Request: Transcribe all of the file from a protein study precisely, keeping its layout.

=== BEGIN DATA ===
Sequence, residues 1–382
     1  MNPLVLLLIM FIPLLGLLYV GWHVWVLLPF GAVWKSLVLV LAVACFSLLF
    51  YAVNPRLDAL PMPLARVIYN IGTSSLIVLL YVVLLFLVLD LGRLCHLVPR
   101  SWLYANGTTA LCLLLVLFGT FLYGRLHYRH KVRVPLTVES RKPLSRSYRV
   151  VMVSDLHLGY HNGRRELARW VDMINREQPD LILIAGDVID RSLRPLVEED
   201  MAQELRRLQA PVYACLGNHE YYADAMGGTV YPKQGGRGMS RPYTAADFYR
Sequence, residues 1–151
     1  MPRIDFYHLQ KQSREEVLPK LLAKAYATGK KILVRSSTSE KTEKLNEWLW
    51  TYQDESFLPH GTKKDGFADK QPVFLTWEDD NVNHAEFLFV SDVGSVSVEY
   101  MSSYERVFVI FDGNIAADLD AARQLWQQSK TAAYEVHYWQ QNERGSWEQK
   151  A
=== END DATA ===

Sequence, residues 1–382
     1  MNPLVLLLIM FIPLLGLLYV GWHVWVLLPF GAVWKSLVLV LAVACFSLLF
    51  YAVNPRLDAL PMPLARVIYN IGTSSLIVLL YVVLLFLVLD LGRLCHLVPR
   101  SWLYANGTTA LCLLLVLFGT FLYGRLHYRH KVRVPLTVES RKPLSRSYRV
   151  VMVSDLHLGY HNGRRELARW VDMINREQPD LILIAGDVID RSLRPLVEED
   201  MAQELRRLQA PVYACLGNHE YYADAMGGTV YPKQGGRGMS RPYTAADFYR
Sequence, residues 1–151
     1  MPRIDFYHLQ KQSREEVLPK LLAKAYATGK KILVRSSTSE KTEKLNEWLW
    51  TYQDESFLPH GTKKDGFADK QPVFLTWEDD NVNHAEFLFV SDVGSVSVEY
   101  MSSYERVFVI FDGNIAADLD AARQLWQQSK TAAYEVHYWQ QNERGSWEQK
   151  A